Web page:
Bart’s Blinky? Three-eyed Fish Found Near Nuclear Plant

3 eyed fish

¡Ay, caramba! A three-eyed fish was caught in a reservoir in Argentina, reported Cadena 3, an Argentine news service.

The fishing hole where the mutant fish was caught may be more of a fission hole. The reservoir, named “Chorro de Agua Caliente,” receives water from a nuclear plant in the province of Córdoba.

“Simpsons” fans will remember the same thing happened in Springfield. Bart caught Blinky, a three-eyed fish, in the pond fed by Monty Burn’s nuclear power plant in the episode “Two Cars in Every Garage and Three Eyes on Every Fish,” from the second season of the hit series.

For More -> Bart’s Blinky? Three-eyed Fish Raises Nuke Fears : Discovery News.

Eat Wild


Eat Wild offers direct links to local farms across the United States that sell natural, grass-fed products. I was happy to have found that most farms and their butchers offer tours to the public to see where their product is in the food chain before it reaches our grocery stores or farmers markets.

Eat Wild

Black Earth Meats


I have been questioning  for sometime where the meat I give to my family and myself  comes from? This includes: the farm, the butcher, and the store or market where I purchase the meat. To me this is important. I was happy to come across Black Earth Meats, located near Madison, WI. Black Earth Meats is a 100% organic meat market that butchers and packages the upper Midwest’s meat. The meat packaged here comes from organic farms in WI that have no hormones, no antibiotics, and that are humanely raised. I was impressed with their informative website.  There are ways to follow the food chain back to the farm. This is an article that gives information on how to find where your meat comes from.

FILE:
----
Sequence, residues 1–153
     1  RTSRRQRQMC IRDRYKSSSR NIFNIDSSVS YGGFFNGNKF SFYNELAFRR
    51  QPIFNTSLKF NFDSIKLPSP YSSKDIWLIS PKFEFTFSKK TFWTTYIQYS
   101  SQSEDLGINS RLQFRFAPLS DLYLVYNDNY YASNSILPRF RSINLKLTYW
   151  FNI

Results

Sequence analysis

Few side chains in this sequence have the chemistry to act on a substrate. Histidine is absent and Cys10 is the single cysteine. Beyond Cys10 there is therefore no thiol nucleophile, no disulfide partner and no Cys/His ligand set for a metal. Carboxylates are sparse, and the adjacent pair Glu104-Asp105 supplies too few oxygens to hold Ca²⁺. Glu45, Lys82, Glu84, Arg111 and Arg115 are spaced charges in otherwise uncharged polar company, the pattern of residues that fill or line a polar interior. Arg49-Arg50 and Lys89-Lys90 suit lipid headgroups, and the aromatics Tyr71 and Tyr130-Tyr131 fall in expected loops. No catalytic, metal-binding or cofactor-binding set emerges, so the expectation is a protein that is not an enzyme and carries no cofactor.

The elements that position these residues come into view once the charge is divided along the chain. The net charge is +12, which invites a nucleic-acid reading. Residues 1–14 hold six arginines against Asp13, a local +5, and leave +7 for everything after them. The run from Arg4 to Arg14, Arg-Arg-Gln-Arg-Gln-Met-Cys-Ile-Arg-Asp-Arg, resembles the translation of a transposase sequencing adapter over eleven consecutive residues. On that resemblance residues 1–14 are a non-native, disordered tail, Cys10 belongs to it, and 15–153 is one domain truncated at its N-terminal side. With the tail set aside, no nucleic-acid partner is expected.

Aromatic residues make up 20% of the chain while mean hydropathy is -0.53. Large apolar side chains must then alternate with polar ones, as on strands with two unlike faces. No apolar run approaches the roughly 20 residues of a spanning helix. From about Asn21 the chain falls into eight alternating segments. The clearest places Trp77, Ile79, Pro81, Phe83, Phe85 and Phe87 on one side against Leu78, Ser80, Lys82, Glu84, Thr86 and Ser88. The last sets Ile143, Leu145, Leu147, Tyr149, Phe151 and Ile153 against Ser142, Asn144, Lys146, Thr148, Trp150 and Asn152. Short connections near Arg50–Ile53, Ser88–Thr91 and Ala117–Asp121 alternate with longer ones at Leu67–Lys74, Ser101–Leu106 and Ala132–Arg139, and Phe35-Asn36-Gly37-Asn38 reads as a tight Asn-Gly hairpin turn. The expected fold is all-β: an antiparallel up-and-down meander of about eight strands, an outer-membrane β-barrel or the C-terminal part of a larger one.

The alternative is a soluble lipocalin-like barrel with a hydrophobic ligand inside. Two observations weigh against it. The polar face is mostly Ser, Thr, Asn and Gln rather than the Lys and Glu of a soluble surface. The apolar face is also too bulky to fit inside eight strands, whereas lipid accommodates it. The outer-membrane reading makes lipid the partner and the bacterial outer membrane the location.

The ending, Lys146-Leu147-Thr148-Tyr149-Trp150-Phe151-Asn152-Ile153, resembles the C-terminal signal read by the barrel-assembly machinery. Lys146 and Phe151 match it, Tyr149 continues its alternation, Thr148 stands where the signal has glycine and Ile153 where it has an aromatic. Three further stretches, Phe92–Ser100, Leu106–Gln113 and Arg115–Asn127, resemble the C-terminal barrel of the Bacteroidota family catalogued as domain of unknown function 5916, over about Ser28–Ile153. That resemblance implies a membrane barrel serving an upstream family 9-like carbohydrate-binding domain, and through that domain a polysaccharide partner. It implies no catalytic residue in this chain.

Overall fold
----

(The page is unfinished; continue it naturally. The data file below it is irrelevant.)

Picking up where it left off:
Welcome to Black Earth Meats.

Turtles follow the sun even before they have muscles

turtle embryo

turtle embryoAlthough turtles have a limited control over their internal body temperature, they do respond to temperature differences in complex ways. These include things like basking in the sun to raise their temperatures, responding to the cold by hibernating, and even determining the sex of their offspring via the ambient temperature that the eggs develop as. So, it’s not a shock to find out that turtles start physically responding to temperature differences before they even hatch from an egg. What is surprising is that these responses occur before there’s much in the way of a skeleton or nervous system to support it.

For More: Turtles follow the sun even before they have muscles.